Pathology

Rhabdomyosarcoma is classified into three cell types: embryonal, alveolar (which has botryoid and spindle cell variants), and pleomorphic. The embryonal subtype accounts for 60% to 70% of childhood cases and is the most common subtype. It is also the most common subtype presenting in the head and neck (20-22).

Rhabdomyosarcomas are malignant tumors of skeletal muscle. They are part of the larger group of soft-tissue sarcomas. Sarcomas of bony origin are classified separately. Like most malignant tumors, the etiology is probably multifactorial. Studies have suggested that maternal exposure to ionizing radiation during pregnancy increases the risk of sarcoma development. There is also evidence that socioeconomic status and maternal use of recreational drugs during pregnancy play a role in soft-tissue sarcoma development. Chromosomal abnormalities probably play a role in sarcoma development (20), especially translocation of chromosomes 2,13 and 1,13. The associated chromosome abnormalities can be used for diagnostic confirmation and have a role in residual tumor diagnosis and monitoring. An example is the use of chromosomal confirmation to assess a residual mass for viable tumors cells. Several syndromes have been associated with the development of rhabdomyosarcoma. Among them are Li-Fraumeni, neurofibromatosis type I, and Beckwith-Wiedemann syndrome (22).

CLINICAL MANIFESTATIONS

Patient presentation depends on the tumor location and size. Head and neck presentations mimic other head and neck neoplasms and depend on the site and extent of the mass. These tumors occur along the anterior skull base, parameningeal surfaces, temporal bone, and within the orbit.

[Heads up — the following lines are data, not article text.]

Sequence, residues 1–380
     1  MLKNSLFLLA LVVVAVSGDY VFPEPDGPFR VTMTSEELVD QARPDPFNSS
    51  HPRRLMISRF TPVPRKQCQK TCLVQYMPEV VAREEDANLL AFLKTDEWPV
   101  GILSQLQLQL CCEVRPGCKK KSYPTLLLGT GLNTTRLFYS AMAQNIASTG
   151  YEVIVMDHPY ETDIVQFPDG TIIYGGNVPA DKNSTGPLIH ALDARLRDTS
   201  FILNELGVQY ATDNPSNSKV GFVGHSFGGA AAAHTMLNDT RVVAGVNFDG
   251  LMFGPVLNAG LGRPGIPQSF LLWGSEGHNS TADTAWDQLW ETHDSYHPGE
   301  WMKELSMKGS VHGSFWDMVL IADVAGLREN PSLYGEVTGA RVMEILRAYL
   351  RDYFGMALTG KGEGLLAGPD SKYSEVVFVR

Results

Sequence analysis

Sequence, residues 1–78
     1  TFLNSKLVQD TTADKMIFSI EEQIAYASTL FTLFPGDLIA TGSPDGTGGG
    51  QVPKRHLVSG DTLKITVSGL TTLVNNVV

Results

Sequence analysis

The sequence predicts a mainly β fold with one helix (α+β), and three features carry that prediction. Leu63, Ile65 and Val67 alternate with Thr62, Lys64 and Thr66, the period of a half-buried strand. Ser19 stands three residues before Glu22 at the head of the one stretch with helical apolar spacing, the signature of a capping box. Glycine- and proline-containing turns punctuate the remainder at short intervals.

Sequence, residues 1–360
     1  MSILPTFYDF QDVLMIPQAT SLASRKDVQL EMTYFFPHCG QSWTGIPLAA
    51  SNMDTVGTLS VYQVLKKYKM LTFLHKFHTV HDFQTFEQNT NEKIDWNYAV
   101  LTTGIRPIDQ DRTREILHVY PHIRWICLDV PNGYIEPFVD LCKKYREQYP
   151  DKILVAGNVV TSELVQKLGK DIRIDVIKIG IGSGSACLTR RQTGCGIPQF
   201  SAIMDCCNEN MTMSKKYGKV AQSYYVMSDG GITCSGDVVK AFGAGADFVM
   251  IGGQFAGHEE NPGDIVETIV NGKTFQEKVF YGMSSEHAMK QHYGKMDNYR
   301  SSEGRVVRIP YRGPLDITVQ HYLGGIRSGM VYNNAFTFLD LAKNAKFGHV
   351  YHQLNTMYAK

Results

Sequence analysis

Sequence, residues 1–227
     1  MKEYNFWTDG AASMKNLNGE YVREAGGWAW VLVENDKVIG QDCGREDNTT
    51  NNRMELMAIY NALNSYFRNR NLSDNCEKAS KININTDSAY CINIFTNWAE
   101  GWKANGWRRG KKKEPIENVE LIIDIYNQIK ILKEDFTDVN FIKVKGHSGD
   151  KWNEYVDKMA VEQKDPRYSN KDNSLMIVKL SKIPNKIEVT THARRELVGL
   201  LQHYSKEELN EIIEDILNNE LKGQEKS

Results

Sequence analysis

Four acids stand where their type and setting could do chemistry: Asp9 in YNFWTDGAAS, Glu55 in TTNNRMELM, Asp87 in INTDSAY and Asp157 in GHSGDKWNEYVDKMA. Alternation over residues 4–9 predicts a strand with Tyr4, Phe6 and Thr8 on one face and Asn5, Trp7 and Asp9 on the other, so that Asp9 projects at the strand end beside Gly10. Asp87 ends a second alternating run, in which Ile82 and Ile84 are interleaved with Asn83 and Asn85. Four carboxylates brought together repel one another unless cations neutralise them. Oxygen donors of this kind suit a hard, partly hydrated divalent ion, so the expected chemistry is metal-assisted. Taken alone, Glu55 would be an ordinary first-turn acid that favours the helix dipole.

Temporal bone and middle ear tumors often present with unilateral otorrhea and conductive hearing loss. As the tumor progresses, facial nerve paralysis and other cranial nerve neuropathies occur. Other head and neck manifestations include nasal obstruction, facial swelling, oropharyngeal mass, and unilateral proptosis. Metastatic rhabdomyosar-coma is part of the differential diagnosis for pediatric neck masses (23).

Rhabdomyosarcomas may occur in multiple other locations. Common areas include the kidney, biliary tract, extremities, and spinal cord. The symptoms will depend on the site and severity of the disease.

DIAGNOSIS

Diagnosis is made by biopsy (fine needle or open biopsy). If rhabdomyosarcoma is strongly suspected, comprehensive imaging should be done prior to open biopsy to accurately delineate tumor extent. Once a diagnosis is established, a multidisciplinary approach is required for all patients. CT scan of the chest and bone marrow aspirate should always be performed. Further imaging is based upon tumor location, i.e., magnetic resonance imaging (MRI) scans of the skull base for parameningeal disease and a CT scan of the abdomen and pelvis for GU and lower extremity primaries (21,22,24).

TABLE 2 Grouping of Rhabdomyosarcoma

Group

Subgroup

Description

I: Localized disease or

Ia

Ia: Tumor limited to muscle of origin

completely resected (low risk)

Ib

Ib: Local spread beyond muscle of origin

II: Gross total resection

IIa

IIa: Residual microscopic tumor

IIb

IIb: Microscopic tumor cells in local lymph nodes

III: Incomplete resection

IIIa

IIIa: Biopsy only

(intermediate risk)

IIIb

IIIb: 50% resection

IV: (High risk)

-

Distant metastatic disease present at onset

TABLE 3 Tumor, Node, and Metastasis Staging

Tumor

T1

Tumor <5cm

T2

Tumor >5cm

Node

N0

Negative nodes

N1

Any positive nodes

Metastasis

M0

-

M1

Any metastasis

Stage I

-

Favorable sites, any size, any nodal status [orbit, GU (not bladder or prostate), head and neck]

Stage II

Unfavorable sites, but small and negative lymph nodes (extremities, bladder, prostate, and parameningeal)

Stage III

-

Unfavorable sites, small or large and positive lymph nodes

Stage IV

Distant metastatic disease

Abbreviations: GU, genitourinary.

Abbreviations: GU, genitourinary.

The Intergroup Rhabdomyosarcoma Study Group has established prognostic indicators for rhabdomyosarcoma. This group, along with the National Wilms Tumor Study Group and the Children's Oncology Group, produced a staging system based on tumor size, nodal involvement, and presence or absence of metastases (Tables 2 and 3). These staging systems help determine the level of risk of individual patients and can help tailor treatment options (Fig. 2A and B) (24).

TREATMENT